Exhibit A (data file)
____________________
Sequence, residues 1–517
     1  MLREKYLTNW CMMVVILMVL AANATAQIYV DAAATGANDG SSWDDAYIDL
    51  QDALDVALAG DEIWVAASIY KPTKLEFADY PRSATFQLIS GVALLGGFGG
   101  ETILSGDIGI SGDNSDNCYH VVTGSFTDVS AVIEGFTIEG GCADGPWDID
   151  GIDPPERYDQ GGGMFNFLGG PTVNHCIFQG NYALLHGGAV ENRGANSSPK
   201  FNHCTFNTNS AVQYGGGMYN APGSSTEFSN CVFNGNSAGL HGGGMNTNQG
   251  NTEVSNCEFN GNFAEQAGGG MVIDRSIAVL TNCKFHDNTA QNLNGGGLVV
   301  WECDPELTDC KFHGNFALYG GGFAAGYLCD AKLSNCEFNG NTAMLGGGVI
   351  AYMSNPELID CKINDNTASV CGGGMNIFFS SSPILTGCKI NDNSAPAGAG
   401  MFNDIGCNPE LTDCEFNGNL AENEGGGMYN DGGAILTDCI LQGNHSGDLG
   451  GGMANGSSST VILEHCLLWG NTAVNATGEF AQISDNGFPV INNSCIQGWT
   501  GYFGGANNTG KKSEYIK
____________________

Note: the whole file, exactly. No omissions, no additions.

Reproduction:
Sequence, residues 1–517
     1  MLREKYLTNW CMMVVILMVL AANATAQIYV DAAATGANDG SSWDDAYIDL
    51  QDALDVALAG DEIWVAASIY KPTKLEFADY PRSATFQLIS GVALLGGFGG
   101  ETILSGDIGI SGDNSDNCYH VVTGSFTDVS AVIEGFTIEG GCADGPWDID
   151  GIDPPERYDQ GGGMFNFLGG PTVNHCIFQG NYALLHGGAV ENRGANSSPK
   201  FNHCTFNTNS AVQYGGGMYN APGSSTEFSN CVFNGNSAGL HGGGMNTNQG
   251  NTEVSNCEFN GNFAEQAGGG MVIDRSIAVL TNCKFHDNTA QNLNGGGLVV
   301  WECDPELTDC KFHGNFALYG GGFAAGYLCD AKLSNCEFNG NTAMLGGGVI
   351  AYMSNPELID CKINDNTASV CGGGMNIFFS SSPILTGCKI NDNSAPAGAG
   401  MFNDIGCNPE LTDCEFNGNL AENEGGGMYN DGGAILTDCI LQGNHSGDLG
   451  GGMANGSSST VILEHCLLWG NTAVNATGEF AQISDNGFPV INNSCIQGWT
   501  GYFGGANNTG KKSEYIK